Cookies?
Library Header Image
LSE Research Online LSE Library Services

Book review: vernacular rights cultures: the politics of origins, human rights and gendered struggles for justice

Ziadah, Rafeef, Rai, Shirin, M., Jamil, Ghazala, Sokhi-Bulley, Bal, Baxi, Upendra and Madhok, Sumi ORCID: 0000-0002-3192-6098 (2023) Book review: vernacular rights cultures: the politics of origins, human rights and gendered struggles for justice. International Affairs, 99 (2). 825 - 835. ISSN 0020-5850

[img] Text (Book review Vernacular rights cultures) - Published Version
Available under License Creative Commons Attribution.

Download (126kB)

Identification Number: 10.1093/ia/iiad054

Abstract

Vernacular rights cultures tells a different story of human rights. The book moves away from the dominant narrative of universal human rights, based on western history and epistemology, pointing readers towards ‘vernacular rights cultures’. Sumi Madhok complicates the unidirectional account instead, narrating a subaltern story of rights that is foregrounded in ‘struggles and contestations over rights’ in the south Asian context. This attentiveness to the ‘vernacular’ refers to the ways marginalized groups articulate rights claims, and to the political imaginaries and subjectivities that their articulations engender. In the first three chapters, Madhok critically engages with the multiple literatures on human rights and presents her conceptual framework. The author takes on board the robust and growing critique of the racialized basis underpinning the prevailing human rights law and discourse. Then, Madhok goes further and presents an alternative genealogy, embedded in the local notions of haq. According to the author, the word haq translates to ‘right’, but ‘in the course of its travels, it has gathered complex meanings and iterations that inform political imaginaries, subjectivities and political cultures of rights and rights claim-making’ (p. 1). This transregional term appears in multiple languages across the subcontinent, and the book conveys its historical roots and contemporary usage not only in south Asia, but also in the Middle East and North Africa. The fact that haq is transregional allows the author to traverse borders and trace power struggles over rights across states and institutions in India and Pakistan. This is particularly important in a postcolonial context of contestation over state borders and associated citizenship rights.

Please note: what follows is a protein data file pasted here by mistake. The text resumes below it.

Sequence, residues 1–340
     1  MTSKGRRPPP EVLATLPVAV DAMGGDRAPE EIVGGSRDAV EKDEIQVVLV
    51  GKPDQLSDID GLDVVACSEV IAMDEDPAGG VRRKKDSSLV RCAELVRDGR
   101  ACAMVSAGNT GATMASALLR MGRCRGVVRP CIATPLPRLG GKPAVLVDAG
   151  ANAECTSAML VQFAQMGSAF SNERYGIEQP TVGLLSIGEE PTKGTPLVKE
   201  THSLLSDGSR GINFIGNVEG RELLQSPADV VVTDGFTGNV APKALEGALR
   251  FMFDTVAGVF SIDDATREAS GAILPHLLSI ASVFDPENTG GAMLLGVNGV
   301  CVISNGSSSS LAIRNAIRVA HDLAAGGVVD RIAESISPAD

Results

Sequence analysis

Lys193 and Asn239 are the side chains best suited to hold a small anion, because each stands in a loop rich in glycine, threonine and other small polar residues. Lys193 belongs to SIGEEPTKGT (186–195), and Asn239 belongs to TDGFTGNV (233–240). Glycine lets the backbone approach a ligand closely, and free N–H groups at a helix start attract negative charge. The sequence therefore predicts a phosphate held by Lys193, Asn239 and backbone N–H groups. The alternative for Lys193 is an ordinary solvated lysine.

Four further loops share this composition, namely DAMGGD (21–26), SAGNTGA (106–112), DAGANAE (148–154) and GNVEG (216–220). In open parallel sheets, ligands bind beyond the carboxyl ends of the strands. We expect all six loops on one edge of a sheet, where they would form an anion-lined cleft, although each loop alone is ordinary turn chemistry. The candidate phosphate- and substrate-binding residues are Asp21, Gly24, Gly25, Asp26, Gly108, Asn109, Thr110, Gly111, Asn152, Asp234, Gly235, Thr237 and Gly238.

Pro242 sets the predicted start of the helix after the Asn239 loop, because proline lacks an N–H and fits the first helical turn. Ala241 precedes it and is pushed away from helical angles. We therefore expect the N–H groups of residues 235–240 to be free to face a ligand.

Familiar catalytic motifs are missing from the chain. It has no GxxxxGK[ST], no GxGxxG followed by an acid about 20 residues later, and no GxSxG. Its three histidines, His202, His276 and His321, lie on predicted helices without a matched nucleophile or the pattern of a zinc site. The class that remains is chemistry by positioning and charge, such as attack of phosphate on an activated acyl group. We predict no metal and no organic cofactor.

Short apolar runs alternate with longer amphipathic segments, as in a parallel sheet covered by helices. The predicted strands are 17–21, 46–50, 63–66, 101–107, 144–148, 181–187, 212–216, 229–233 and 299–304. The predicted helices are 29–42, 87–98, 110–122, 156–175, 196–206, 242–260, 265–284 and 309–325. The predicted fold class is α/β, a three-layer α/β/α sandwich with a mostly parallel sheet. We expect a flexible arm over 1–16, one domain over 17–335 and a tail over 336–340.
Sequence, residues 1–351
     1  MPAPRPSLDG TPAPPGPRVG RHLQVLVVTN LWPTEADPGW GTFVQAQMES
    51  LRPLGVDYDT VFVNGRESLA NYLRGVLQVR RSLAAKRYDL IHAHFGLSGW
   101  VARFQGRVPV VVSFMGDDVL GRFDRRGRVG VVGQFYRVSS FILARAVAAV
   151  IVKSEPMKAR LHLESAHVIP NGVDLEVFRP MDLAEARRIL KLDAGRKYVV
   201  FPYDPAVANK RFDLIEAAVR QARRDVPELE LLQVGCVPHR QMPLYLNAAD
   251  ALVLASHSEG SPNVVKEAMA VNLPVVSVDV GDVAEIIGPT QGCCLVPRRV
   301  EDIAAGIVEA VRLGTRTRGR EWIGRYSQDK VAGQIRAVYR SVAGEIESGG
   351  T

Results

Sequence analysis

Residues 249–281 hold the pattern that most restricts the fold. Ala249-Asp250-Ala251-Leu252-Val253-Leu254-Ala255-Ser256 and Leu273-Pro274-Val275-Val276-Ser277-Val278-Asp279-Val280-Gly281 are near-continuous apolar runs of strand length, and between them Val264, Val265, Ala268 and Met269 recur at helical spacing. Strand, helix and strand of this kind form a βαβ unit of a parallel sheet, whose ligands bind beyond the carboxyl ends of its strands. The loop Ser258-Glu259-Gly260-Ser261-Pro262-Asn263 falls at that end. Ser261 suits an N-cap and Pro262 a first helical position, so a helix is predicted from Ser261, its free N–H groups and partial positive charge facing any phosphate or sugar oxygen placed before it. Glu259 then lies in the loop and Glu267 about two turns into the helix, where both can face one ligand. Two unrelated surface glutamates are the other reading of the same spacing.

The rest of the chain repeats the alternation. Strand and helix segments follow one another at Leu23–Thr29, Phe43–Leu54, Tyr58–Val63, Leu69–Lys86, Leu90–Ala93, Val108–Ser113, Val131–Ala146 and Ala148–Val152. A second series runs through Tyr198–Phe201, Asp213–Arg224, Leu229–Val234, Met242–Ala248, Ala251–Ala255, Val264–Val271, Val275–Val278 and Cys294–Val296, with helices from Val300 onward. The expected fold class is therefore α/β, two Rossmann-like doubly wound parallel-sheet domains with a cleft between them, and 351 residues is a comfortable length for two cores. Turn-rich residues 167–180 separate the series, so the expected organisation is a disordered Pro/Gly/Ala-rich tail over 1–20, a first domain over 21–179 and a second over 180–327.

Item Type: Article
Additional Information: © 2023 The Authors
Divisions: Gender Studies
Subjects: J Political Science
K Law
Date Deposited: 17 May 2023 09:33
Last Modified: 16 May 2024 04:06
URI: http://eprints.lse.ac.uk/id/eprint/119211

Actions (login required)

View Item View Item

Downloads

Downloads per month over past year

View more statistics